As layoffs ripple through Big Tech, where’s the talent going?

“It has been a year in a week” for Zac Bowling, who got laid off from Google during the tech giant’s 12,000 employee cut in late January. 

For the past nearly eight years, Bowling has been working as a software engineer at Google, based in San Francisco. And since he was given the bad news on Jan. 20, along with thousands of other Googlers, he’s kept busy searching for his next gig and reaching out to people in his network. “I put my name out there and I’m already getting pings” from other tech companies, he told me last week. 

Bowling is one of tens of thousands of tech employees newly out of work over the course of a somber couple of weeks. And it’s not just coming from the Googles and IBMs and Microsofts of the world: Startups are also feeling the pain and cutting staff. But what happens to the tech talent freshly out of a job?

For a while, I’ve been hearing about how this is a huge opportunity for startups to snap up ex-employees from the likes of Google. And I think that’s true: “For every Big Tech company that’s laying off, there are still the [small and midsize] companies in these markets that are eager to absorb the talent,” Megan Slabinski, a Bay Area and Pacific Northwest district president focused on tech at staffing firm Robert Half, told me last week; meanwhile some startups are seemingly salivating over the flood of fresh ex-Big Tech workers. Of course, the massive caveat here is that your startup has to be one of those that still has cash to spend on new employees. If you’re in that position, then you’ve got a stellar talent pool to choose from.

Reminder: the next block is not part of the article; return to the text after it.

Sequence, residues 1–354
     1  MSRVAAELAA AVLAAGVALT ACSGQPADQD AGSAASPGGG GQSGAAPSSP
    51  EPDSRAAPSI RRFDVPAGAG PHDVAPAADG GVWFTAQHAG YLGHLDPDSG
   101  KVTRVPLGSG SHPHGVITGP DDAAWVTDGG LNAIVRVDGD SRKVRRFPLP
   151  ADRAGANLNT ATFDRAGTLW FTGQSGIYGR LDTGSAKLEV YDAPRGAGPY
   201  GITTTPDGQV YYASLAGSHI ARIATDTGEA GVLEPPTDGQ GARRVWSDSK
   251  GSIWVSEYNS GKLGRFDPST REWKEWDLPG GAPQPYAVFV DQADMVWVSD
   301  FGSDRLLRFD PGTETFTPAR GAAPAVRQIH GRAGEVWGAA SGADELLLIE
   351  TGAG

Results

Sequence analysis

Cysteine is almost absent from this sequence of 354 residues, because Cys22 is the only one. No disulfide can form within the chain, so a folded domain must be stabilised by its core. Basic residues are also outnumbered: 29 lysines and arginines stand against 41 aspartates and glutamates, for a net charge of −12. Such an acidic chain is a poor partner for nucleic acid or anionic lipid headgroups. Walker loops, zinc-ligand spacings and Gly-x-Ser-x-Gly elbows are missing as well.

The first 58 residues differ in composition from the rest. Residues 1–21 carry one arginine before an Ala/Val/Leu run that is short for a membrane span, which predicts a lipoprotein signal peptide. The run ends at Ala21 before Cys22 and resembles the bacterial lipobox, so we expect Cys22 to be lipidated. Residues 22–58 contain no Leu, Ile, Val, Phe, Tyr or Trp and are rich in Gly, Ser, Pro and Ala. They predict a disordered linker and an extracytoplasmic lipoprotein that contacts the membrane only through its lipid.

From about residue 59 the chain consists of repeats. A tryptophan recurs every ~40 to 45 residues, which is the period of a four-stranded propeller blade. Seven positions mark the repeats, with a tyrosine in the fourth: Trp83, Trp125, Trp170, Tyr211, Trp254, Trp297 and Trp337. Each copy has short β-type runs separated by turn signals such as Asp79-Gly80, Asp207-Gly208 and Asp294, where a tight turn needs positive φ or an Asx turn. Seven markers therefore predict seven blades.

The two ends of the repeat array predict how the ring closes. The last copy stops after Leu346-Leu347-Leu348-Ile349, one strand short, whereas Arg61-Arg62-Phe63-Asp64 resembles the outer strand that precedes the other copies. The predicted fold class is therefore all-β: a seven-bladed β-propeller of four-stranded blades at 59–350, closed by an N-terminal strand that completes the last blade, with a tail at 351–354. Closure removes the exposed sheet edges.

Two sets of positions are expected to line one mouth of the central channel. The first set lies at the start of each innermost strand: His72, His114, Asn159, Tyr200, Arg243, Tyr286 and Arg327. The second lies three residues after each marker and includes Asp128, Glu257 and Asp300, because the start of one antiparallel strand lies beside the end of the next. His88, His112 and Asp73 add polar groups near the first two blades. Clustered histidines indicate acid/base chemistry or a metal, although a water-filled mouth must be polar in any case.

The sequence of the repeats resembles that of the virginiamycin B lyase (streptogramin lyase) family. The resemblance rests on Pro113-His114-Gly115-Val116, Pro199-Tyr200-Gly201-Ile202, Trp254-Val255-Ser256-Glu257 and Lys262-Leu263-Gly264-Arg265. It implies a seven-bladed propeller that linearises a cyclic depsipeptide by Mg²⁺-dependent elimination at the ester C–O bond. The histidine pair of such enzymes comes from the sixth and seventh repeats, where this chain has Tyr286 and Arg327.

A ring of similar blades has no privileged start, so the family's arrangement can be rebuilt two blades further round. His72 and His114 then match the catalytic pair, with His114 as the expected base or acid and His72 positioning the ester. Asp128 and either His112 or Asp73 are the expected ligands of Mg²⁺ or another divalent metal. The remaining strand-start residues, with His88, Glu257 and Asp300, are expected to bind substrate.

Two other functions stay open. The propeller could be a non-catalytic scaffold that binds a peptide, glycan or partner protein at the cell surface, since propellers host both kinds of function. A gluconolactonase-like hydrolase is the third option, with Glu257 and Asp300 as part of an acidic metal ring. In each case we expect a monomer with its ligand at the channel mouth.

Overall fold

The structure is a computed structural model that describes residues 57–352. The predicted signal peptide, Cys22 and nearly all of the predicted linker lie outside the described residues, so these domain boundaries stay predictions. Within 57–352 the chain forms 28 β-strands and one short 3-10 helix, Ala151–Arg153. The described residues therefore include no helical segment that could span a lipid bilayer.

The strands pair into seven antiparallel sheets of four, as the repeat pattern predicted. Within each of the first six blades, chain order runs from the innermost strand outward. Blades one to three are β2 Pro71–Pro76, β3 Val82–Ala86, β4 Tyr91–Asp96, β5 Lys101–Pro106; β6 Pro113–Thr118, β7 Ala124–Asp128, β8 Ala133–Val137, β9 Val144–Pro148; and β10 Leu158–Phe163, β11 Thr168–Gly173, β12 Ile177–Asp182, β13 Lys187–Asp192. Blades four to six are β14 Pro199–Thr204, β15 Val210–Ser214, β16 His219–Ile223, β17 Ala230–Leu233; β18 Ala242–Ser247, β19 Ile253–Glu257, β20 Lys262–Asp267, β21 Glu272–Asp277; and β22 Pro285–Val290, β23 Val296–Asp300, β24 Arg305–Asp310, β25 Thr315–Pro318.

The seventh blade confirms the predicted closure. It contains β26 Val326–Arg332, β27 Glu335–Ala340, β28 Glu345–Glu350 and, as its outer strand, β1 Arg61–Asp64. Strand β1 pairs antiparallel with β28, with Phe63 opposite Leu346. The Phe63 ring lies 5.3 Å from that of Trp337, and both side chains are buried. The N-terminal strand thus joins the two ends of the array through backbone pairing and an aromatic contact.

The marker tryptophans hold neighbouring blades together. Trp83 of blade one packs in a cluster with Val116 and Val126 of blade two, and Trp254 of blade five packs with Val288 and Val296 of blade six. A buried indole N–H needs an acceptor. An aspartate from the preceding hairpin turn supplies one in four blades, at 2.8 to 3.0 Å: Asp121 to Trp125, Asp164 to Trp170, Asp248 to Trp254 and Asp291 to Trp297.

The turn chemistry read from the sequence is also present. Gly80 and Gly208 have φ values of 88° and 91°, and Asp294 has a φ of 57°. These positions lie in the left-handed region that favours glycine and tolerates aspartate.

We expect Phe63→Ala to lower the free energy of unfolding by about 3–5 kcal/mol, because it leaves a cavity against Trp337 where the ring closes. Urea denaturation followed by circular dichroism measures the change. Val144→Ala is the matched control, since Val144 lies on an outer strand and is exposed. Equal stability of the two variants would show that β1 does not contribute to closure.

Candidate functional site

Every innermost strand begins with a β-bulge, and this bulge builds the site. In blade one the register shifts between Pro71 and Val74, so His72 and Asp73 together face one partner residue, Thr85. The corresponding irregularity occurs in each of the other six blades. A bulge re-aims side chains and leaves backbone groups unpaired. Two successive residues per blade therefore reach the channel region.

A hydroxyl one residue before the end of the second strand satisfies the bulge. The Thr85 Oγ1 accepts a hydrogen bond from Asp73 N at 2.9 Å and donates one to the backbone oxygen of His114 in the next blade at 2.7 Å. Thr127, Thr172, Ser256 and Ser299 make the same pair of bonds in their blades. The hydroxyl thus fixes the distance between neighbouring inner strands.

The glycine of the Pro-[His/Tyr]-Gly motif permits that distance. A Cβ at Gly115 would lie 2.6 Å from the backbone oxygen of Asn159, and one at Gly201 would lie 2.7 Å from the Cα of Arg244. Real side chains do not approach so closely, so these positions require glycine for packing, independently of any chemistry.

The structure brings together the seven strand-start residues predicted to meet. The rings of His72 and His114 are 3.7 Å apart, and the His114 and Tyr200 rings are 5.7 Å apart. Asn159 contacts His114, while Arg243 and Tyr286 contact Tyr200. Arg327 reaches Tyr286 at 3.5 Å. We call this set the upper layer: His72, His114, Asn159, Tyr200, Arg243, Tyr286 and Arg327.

But not all startups are able to capitalize on the opportunity. They’re also getting the message loud and clear that they need to keep things tight and rethink their staffing needs (i.e. drive efficiency with fewer employees). That’s what VCs have been advising for nearly a year now (remember Sequoia Capital’s “crucible moment” memo in May?). Startups are also laying off employees left and right: One-click checkout startup Bolt reportedly recently cut staff again for the third time in the last year, while others like crypto startup Gemini also recently laid off 10% of their employees. In all, by layoff tracker’s count, over 220 companies have already laid off more than 68,000 employees in 2023.

But as Slabinski tells me, while the continual slew of headlines about layoffs may make things look dire for tech employees, the data tells a different story. The unemployment rate for professionals in the tech sector is low—less than 2%, based on some measures, like CompTIA’s, a tech workforce nonprofit association. And she says she’s still seeing a lot of demand.

According to Slabinksi, “That demand has just shifted from the Big Tech industries to the more small to medium-sized companies, as well as other industries like education, health care, government, [and] financial services.”

From her view, “As soon as people are hitting the market, they’re being pursued and absorbed by those other industries and other companies.”